Was disease the key factor in the depopulation of Native Americans in the Americas?
Was disease the key factor in the depopulation of Native Americans in the Americas? There can be no denying that disease played its role in the depopulation of the Americas. Populace tribes went from tens of thousands to hundreds in a matter of years. But the question here is was it the “key” factor or did something else cause their demise?
"European opinion ran the gamut from admiration to contempt; for example, some European poets and painters expressed admiration for the Noble Savage, while other Europeans accepted as a rationalization for military aggression the sentiment that “the only good savage is a dead one.”" (Text p. 184) It was very apparent early on that Europeans had differing opinions about the Native Americans. The Spanish were the first to set their tirade on the native masses. The Spanish severely abused the Indians, took their gold and silver, as well as altered their government, religion, and society. The French were the least invasive to the indigenous peoples. This was mostly due to the fact that the French were either trappers or wanting to convert the natives. But ultimately, it was English settlers that finally collapsed the Natives of North America. The English were merciless in their emigration and came over in droves. (Text p. 184-185) And with these people from England, came disease.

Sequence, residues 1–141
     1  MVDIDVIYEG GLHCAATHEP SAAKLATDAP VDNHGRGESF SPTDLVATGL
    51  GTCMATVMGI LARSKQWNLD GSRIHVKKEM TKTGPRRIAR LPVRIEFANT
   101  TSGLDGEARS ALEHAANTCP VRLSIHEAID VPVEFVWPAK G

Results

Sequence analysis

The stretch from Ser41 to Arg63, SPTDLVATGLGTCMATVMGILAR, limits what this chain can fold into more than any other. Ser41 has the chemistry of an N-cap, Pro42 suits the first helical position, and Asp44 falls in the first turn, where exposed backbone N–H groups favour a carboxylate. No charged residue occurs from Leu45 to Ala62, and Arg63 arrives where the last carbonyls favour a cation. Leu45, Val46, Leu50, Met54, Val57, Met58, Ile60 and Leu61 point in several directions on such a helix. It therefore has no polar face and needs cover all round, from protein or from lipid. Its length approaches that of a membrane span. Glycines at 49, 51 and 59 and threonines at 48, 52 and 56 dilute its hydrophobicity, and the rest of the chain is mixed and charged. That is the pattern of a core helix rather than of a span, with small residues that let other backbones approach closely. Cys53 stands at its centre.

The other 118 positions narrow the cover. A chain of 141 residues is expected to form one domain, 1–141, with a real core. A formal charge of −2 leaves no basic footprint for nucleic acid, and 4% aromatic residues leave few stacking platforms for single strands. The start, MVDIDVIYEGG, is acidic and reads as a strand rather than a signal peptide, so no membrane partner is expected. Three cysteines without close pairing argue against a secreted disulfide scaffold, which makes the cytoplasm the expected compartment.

Colin G. Calloway, from New Worlds for All: Indians, Europeans, and the Remaking of Early America (The Johns Hopkins University Press, 1997), supports the theory that disease was the key factor in the depopulation of the Americas. "…diseases accompanied Spanish conquistadors into Central and South America… wreaking havoc among the great civilizations of Mexico, Peru, and Yucatán... It was not long before the unseen killers were at work among the Indian populations of North America." (Text p. 187) Illnesses such as smallpox, measles and typhus ran...
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